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  1. News Release

  2. Mar 2, 2023

Physicians Group Asks North Carolina School District to Decommission “Pig Rig” Smoker

Evidence Shows Links Between the Consumption of Processed Meat and Many Types of Illnesses and Diseases

Burke County Public Schools in Morganton debuted the smoker, dubbed the “Pig Rig” by students, on Feb. 7, 2023. 

In a letter to Superintendent Mike Swan, Assistant Superintendent Karen Auton, and Director of Food Services and Child Nutrition Daniel Wall, Physicians Committee registered dietitian Stephanie McBurnett shared the clear evidence on processed meat. The World Health Organization has classified it as a group 1 carcinogen. 

“Therefore,” she wrote, of the mobile grill, “the Physicians Committee, which has 17,000 doctor members, requests that you decommission the device.”

A multitude of evidence confirms the link between the consumption of processed meat and illness and disease. 

The American Cancer Society recommends limiting or avoiding processed meat because, when consumed even in small amounts, it increases the risk of colon and other cancers.

In an expert report published in The Lancet Oncology, scientists at the International Agency for Research on Cancer examined more than 800 studies on the relationship between red and processed meats and cancer. The meta-analysis found a dose-response, statistically significant relationship between processed meat and colorectal cancer. For every 50 grams consumed per day, cancer risk increased by 18%. This led the working group to conclude that processed meats are carcinogenic to humans based on sufficient evidence for colorectal cancer. 

Furthermore, evidence shows a strong relationship between processed meat and heart disease. Just 150 grams a week of processed meat is linked with a 46% increased risk of heart disease and a 51% increased risk of death.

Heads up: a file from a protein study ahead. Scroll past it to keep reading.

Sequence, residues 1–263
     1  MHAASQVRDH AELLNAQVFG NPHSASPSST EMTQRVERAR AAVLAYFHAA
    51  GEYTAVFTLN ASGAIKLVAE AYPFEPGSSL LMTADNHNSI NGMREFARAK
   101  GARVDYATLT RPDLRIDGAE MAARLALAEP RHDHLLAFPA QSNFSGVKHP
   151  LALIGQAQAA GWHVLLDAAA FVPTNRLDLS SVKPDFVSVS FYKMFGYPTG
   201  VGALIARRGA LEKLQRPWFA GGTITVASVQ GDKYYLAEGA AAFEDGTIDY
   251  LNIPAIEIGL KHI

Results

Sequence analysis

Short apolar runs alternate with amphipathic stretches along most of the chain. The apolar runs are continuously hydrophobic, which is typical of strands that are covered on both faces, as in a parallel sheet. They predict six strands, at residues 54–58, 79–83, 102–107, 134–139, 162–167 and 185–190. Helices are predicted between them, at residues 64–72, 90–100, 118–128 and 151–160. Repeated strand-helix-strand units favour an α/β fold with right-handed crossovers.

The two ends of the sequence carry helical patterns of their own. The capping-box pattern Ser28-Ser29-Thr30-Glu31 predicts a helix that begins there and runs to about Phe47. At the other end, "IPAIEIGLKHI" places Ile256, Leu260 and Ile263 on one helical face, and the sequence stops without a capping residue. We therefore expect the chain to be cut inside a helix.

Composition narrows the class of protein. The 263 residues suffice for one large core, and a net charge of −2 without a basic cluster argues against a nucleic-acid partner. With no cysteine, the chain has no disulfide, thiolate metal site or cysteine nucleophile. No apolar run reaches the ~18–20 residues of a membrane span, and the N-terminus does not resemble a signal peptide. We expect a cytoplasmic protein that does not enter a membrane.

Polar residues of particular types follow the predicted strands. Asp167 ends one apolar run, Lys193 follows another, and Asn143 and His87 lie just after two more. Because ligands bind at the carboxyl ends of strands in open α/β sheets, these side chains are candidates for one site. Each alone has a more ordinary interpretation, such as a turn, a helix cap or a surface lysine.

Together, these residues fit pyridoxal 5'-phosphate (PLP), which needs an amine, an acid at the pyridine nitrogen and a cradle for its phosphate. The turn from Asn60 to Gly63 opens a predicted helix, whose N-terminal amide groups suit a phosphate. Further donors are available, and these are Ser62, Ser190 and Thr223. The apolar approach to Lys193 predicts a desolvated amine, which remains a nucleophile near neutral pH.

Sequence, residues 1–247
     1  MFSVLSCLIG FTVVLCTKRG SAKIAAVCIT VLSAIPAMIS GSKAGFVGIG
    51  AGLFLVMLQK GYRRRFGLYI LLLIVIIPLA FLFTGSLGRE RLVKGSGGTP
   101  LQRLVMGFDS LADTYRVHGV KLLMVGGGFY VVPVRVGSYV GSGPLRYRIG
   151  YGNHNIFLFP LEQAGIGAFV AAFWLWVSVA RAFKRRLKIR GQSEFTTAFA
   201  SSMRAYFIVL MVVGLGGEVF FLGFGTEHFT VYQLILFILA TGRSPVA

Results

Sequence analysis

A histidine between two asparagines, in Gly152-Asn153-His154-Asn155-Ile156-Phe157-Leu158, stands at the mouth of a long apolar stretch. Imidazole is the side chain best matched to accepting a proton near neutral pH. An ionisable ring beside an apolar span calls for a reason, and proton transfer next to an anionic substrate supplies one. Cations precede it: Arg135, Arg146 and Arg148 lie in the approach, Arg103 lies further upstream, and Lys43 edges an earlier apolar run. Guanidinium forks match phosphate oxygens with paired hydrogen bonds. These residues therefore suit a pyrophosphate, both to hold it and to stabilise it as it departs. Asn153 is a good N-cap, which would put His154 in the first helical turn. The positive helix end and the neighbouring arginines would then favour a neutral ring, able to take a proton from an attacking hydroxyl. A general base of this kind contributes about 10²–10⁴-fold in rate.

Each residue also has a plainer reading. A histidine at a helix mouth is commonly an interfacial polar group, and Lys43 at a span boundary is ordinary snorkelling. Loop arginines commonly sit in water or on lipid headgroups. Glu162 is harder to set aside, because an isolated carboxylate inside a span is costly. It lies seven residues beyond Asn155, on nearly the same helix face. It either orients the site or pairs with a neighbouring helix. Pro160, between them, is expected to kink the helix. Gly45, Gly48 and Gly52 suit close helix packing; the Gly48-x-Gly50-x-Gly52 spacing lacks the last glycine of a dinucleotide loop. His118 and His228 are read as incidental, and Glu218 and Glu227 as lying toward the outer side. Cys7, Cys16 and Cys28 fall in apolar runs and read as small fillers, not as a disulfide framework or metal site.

How does smoking or grilling meat increase its carcinogenicity? The National Cancer Institute says when cooking meat, including beef, pork, fish, or poultry, over high heat, especially an open flame, exposure to two carcinogens can occur: heterocyclic amines and polycyclic aromatic hydrocarbons. Studies show both cause changes in DNA that may increase the risk of cancer. 

Heterocyclic amines develop in meat when amino acids and creatine (muscle proteins) react to high heat. The amount produced increases in relation to the length of time meat is exposed to the heat. Exposure to heterocyclic amines is associated with certain cancers, such as colorectal, pancreatic, and prostate cancers.

Polycyclic aromatic hydrocarbons are chemicals produced as fat burns in a flame and can attach to meat cooking over an open fire. In children, exposure is associated with higher levels of oxidative stress and inflammation, anxious depressed behavior, and attention disorders

Additionally, studies show that dietary exposure to cured or smoked meat and fish may be associated with childhood leukemia due to compounds like nitrites and nitrosamines.

Healthy eating habits, McBurnett said, are often established and perpetuated in school, the place where some children receive most of their daily meals.

“It is of utmost importance,” she wrote to district officials, “that school systems maintain a safe environment for students and promote health and wellness. By offering smoked meat, Burke County Public Schools should be concerned about not only the harmful effects of smoke-related chemicals being released into the air, but also those being placed on students’ plates.”

Media Contact

Kim Kilbride



Founded in 1985, the Physicians Committee for Responsible Medicine is a nonprofit organization that promotes preventive medicine, conducts clinical research, and encourages higher standards for ethics and effectiveness in education and research.

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